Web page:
Direct evidence of the use of multiple drugs in Bronze Age Menorca (Western Mediterranean) from human hair analysis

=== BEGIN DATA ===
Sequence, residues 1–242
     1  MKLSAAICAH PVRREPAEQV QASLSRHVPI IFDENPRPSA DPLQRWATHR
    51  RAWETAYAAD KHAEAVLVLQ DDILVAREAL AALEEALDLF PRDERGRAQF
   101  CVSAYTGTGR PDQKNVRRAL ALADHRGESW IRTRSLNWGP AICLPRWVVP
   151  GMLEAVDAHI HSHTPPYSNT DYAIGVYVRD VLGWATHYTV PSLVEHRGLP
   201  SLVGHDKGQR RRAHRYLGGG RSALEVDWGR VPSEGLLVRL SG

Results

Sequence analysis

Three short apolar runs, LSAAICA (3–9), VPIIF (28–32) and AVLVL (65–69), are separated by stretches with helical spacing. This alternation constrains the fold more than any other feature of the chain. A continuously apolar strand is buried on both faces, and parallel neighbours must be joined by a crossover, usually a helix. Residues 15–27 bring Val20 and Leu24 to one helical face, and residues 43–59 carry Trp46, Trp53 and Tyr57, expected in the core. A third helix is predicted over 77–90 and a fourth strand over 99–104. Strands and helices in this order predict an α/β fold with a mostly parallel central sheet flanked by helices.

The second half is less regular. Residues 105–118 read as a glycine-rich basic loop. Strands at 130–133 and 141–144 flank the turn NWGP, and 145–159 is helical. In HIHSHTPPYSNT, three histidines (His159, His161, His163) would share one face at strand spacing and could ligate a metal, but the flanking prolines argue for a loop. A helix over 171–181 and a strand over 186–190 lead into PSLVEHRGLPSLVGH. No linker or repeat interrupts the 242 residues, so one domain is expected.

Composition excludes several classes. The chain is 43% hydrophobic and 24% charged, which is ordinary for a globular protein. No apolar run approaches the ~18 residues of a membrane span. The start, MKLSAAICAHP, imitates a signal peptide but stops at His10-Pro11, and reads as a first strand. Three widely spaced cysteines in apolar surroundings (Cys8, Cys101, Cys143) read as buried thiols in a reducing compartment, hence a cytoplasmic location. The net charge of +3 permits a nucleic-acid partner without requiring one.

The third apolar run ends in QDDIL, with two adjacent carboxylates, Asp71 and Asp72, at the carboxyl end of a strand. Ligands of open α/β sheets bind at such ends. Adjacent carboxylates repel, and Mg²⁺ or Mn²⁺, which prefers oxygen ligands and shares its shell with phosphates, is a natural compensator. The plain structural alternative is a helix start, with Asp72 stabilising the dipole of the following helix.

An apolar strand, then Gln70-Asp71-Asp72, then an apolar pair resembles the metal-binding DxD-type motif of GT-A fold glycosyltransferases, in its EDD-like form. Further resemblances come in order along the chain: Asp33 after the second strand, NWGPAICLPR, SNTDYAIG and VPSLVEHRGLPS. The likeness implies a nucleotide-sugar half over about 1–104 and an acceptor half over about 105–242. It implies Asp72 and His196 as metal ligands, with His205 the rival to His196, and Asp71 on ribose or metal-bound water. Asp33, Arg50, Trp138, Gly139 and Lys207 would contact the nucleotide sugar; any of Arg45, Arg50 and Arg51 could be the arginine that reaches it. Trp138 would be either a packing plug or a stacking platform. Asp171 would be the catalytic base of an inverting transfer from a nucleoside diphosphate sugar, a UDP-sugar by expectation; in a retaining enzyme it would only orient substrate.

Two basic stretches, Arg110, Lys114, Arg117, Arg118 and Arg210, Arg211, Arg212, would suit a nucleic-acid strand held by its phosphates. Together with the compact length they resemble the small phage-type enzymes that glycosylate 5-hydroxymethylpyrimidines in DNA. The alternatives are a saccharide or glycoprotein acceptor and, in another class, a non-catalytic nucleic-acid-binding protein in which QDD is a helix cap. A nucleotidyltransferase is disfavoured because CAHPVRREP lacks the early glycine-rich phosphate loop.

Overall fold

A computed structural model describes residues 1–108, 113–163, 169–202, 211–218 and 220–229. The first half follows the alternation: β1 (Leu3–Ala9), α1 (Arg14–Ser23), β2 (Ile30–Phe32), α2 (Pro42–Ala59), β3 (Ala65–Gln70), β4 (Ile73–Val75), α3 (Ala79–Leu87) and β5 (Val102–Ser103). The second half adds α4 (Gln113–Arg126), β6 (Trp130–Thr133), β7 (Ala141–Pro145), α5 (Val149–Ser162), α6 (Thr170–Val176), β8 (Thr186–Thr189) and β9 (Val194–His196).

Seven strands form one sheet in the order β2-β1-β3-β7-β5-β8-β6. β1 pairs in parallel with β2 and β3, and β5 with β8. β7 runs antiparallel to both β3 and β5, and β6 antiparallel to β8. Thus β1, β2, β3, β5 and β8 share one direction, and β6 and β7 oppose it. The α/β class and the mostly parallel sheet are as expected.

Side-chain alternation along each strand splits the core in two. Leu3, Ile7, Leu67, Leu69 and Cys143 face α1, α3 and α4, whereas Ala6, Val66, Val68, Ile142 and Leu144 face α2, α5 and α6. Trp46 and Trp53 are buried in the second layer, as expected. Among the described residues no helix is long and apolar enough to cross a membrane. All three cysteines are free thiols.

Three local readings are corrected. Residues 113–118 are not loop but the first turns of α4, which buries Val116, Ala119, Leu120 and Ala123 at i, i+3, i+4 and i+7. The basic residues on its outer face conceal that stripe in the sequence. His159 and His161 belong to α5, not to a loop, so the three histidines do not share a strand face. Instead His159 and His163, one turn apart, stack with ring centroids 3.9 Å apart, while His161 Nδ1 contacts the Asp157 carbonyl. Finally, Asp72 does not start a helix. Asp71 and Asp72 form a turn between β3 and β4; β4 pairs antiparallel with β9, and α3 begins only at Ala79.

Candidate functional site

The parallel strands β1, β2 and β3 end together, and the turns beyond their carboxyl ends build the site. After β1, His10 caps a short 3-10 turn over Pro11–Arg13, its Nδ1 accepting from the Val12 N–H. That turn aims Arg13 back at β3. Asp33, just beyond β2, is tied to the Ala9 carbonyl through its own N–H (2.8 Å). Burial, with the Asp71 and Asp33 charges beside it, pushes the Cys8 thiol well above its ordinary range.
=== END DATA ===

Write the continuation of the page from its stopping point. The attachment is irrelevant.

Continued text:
Human hair dated to Late Prehistory is exceedingly rare in the Western Mediterranean. Archaeological excavations in the Bronze Age burial and cult cave of Es Càrritx, in Menorca (Balearic Islands) provided some human hair strands involved in a singular funerary rite. This finding offered the opportunity to explore the possible use of drug plants by Late Bronze Age people. Here we show the results of the chemical analyses of a sample of such hair using Ultra-High-Performance Liquid Chromatography-High Resolution Mass Spectrometry (UHPLC-HRMS). The alkaloids ephedrine, atropine and scopolamine were detected, and their concentrations estimated. These results confirm the use of different alkaloid-bearing plants by local communities of this Western Mediterranean island by the beginning of the first millennium cal BCE.


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